Policeman's helmet or Himalayan balsam (Impatiens glandulifera) is a tall (1 to 2 m) annual plant with showy pink flowers that are very attractive to bees. It has hollow stems with long, slender leaves and dies back each fall.
Policeman’s helmet is relatively easy to control if it is pulled by the roots. The seeds last in the soil for up to 18 months, so it is possible to control an infestation with only 2 to 3 manual removals. Pulling the roots from the soil is a less appealing option when the plants are growing adjacent to streams as disturbance to the moist soil will likely cause streambank erosion and possible alteration to the stream course.
Alternatives for planting:
- hardhack (Spirea douglasii)
- red-osier dogwood (Cornus stolonifera)
- fireweed (Epilobium angustifolium)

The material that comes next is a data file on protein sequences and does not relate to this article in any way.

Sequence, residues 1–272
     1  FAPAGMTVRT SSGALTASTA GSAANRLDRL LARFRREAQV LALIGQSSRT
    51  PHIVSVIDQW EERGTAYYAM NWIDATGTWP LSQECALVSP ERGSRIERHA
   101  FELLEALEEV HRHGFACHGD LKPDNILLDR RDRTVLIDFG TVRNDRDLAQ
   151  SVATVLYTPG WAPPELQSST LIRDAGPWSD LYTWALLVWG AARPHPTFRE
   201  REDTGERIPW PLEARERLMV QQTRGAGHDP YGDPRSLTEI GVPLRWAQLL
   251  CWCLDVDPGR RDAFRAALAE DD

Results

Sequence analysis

- western columbine (Aquilegia formosa)
- tiger lily (Lilium columbianum) – all native species that provide habitat for native wildlife.
Policeman's helmet is an annual that germinates from February through March and flowers from June to October.Growing up to 10 feet tall, the upright stems are hollow with a purple or reddish tinge; leaves are oblong to egg-shaped, with serrated edges, with white, pink or purple flowers resembling an old-fashioned English policeman's helmet. A single plant can produce up to 800 seeds, which are viable for 18 months or more and can even germinate under water. Since the plant often grows along streams and ditches, seeds spread quickly downstream. When touched, the mature seedpods split and eject seeds up to 20 feet. This trait has earned the Impatiens family the name of "touch me not."